Amber Mark: I spoke German when I was a kid because it was what I first learned to speak. When we moved back to America from Munich when I was younger I like, refused to speak German with her. I only wanted to speak English, I didn’t want to speak to her in German. I think I was embarrassed by her or something. When we moved back to Berlin, I started picking it back up again. Now I can hold a conversation, kind of. I understand it completely. It might take me a while to respond to you and I’ll be like, “fuck it, I’ll just respond to you in English.”

At this point, you had already decided you wanted to do music?

Amber Mark: Yes. Well, I knew I wanted to do something in music. Like, maybe I’ll do something on the business side of it or whatever. So I move back to New York and I told them I wanted to go to a performing arts high school or something that was oriented around music.

Had you seen “Fame” at that point?

Amber Mark: No, I hadn’t seen it. I wish I did. I had just heard of LaGuardia and stuff like that, and I was like, “Oh, I’ll just go there.” And I didn’t even go to because I missed the admissions slot. I ended up going to the knock-off version of LaGuardia called Talent Unlimited.

I didn’t even stay. I went there for my freshman and sophomore years and I ended up moving. I guess I wasn’t done traveling, I wasn’t used to settling in one place. My mom and I, we’d move around and we wouldn’t stay in a place for more than 2 years. I went that summer to visit my brother in Miami and I said, “I wanna be in Miami. This is my vibe.” And also, my mom was a free spirit and my godparents were like, “You have a curfew and you need to be back home for family dinner.” And I was like, “Family dinner?! I’m trying to go out and drink a 40 on the stoop.” And they were like, “You’re 15. You need to calm the fuck down.”

Flashing forward. 3:33, that was your first EP? Or was it an album.

Amber Mark: Yes, no, no no. It was an EP. It’s considered an album though, I hate that. I want them to change that. I think that it’s because it’s 7 tracks.

It came out what, 3 years ago?

Amber Mark: 2016. Oh my god, so long ago. I was working at Roc Nation at the time.

What were you doing there?

Amber Mark: I was working for the office manager and she happened to be Jay-Z’s sister. I had met her prior to working for her. Well, I was working at a hair salon prior to that and that’s how I met her.

Were you doing hair?

Amber Mark: No, no, no. I was just working at the front desk. I was like, “I should work at a hair salon because I want to get my hair done for free.” Luckily, one of my aunts, she owned a hair salon and Michelle Carter, she was helping out the other owner with his financial planning and I met her through that. I didn’t know she was associated with Jay-Z at all and long story short, we became friends and eventually I obviously found out and then asked her about how I can do music. We were close friends, we would joke around with each other. So I kind of got to a point where I was comfortable enough to be like, “I wanna do this, can you help me out?” She was like, “Why don’t you start interning at RocNation?”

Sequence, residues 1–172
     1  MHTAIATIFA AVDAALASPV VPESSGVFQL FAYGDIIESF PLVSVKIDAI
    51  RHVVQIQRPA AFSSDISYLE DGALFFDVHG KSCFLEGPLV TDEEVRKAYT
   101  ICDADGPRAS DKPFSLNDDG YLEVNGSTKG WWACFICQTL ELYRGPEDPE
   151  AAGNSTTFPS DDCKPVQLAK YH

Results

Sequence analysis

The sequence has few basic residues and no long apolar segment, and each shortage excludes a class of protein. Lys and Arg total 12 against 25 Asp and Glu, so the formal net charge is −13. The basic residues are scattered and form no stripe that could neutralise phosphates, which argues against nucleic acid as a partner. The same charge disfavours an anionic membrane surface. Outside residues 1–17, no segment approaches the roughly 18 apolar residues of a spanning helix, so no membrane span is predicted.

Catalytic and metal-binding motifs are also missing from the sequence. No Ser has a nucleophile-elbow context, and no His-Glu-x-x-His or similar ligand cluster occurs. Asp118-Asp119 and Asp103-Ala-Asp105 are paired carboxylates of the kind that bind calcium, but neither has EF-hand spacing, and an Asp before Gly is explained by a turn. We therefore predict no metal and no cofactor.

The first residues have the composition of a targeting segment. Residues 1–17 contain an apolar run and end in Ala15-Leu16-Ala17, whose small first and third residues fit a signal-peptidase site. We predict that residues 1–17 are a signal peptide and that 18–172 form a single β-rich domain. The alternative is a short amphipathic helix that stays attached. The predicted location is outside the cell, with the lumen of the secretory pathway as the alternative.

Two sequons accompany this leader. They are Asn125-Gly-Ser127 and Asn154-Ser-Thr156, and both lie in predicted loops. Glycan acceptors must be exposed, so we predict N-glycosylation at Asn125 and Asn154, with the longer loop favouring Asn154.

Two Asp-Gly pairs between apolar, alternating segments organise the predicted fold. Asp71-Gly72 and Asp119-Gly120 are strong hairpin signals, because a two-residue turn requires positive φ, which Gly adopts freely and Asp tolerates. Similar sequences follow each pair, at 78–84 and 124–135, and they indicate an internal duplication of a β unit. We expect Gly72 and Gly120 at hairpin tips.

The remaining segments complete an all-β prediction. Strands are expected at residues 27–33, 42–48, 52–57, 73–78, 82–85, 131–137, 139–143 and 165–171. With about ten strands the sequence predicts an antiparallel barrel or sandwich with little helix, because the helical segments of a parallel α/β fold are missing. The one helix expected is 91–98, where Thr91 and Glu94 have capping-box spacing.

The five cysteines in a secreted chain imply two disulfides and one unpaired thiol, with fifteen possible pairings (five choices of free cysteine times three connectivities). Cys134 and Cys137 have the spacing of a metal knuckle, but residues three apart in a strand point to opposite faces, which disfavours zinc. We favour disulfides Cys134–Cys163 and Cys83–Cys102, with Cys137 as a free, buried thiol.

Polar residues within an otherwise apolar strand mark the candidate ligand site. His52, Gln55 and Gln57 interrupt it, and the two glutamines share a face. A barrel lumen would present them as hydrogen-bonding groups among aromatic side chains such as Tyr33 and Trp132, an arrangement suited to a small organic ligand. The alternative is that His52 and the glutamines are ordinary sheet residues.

Then I started interning for her and saved up quite a bit of money and I, obviously, ran through it and I was like, “I need to get a job!” And she was like, “Alright, just be my assistant.” I basically kind of did the job for her, but it was quite an easy job to do.

Did you get to meet Jay-Z?

Amber Mark: Yeah. He would come into the office and pick on her and stuff like that. It was funny to see a brother-sister dynamic between them.

Is he the big brother?

Amber Mark: No, she’s older. He would come in and you know, do you remember when those hover skateboard floating things were popular.

Yeah. Soulja Boy would ride one all the time.

Amber Mark: Soulja Boy, exactly! When those were popular, Jay came in like, dribbling a basketball into her office. She was making fun of him and then she turned around to go on her computer to do whatever she was doing. And he was like, flipping the bird to her. And I’m sitting there like, “this is Jay-Z and his sister.” I was more excited to meet Beyonce obviously, that was cool. 

Was that everything you imagined?

Amber Mark: Yeah, that was an emotional moment for me.

Did you ever tell them you did music?

Amber Mark: No, I didn’t wanna be that person, I didn’t wanna step on anyone’s toes. I waited until I knew I was going to do music and then I was gonna quit. I put S P A C E out and that’s when I started having a manager and a lawyer and labels were getting interested, stuff like that.